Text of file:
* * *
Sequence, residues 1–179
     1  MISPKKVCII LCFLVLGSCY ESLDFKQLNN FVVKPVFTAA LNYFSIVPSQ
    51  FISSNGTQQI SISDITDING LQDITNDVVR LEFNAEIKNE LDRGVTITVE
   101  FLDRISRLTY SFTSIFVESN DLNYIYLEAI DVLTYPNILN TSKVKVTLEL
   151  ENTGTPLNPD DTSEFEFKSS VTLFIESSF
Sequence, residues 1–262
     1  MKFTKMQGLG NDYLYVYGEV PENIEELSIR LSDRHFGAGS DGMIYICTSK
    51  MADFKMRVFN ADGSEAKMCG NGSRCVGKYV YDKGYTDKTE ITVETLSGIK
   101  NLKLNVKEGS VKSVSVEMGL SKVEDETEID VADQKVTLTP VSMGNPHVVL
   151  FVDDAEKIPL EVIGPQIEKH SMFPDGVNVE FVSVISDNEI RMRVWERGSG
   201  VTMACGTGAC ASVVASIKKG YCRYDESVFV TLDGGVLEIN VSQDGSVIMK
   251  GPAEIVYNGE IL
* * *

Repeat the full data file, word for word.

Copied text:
Sequence, residues 1–179
     1  MISPKKVCII LCFLVLGSCY ESLDFKQLNN FVVKPVFTAA LNYFSIVPSQ
    51  FISSNGTQQI SISDITDING LQDITNDVVR LEFNAEIKNE LDRGVTITVE
   101  FLDRISRLTY SFTSIFVESN DLNYIYLEAI DVLTYPNILN TSKVKVTLEL
   151  ENTGTPLNPD DTSEFEFKSS VTLFIESSF
Sequence, residues 1–262
     1  MKFTKMQGLG NDYLYVYGEV PENIEELSIR LSDRHFGAGS DGMIYICTSK
    51  MADFKMRVFN ADGSEAKMCG NGSRCVGKYV YDKGYTDKTE ITVETLSGIK
   101  NLKLNVKEGS VKSVSVEMGL SKVEDETEID VADQKVTLTP VSMGNPHVVL
   151  FVDDAEKIPL EVIGPQIEKH SMFPDGVNVE FVSVISDNEI RMRVWERGSG
   201  VTMACGTGAC ASVVASIKKG YCRYDESVFV TLDGGVLEIN VSQDGSVIMK
   251  GPAEIVYNGE IL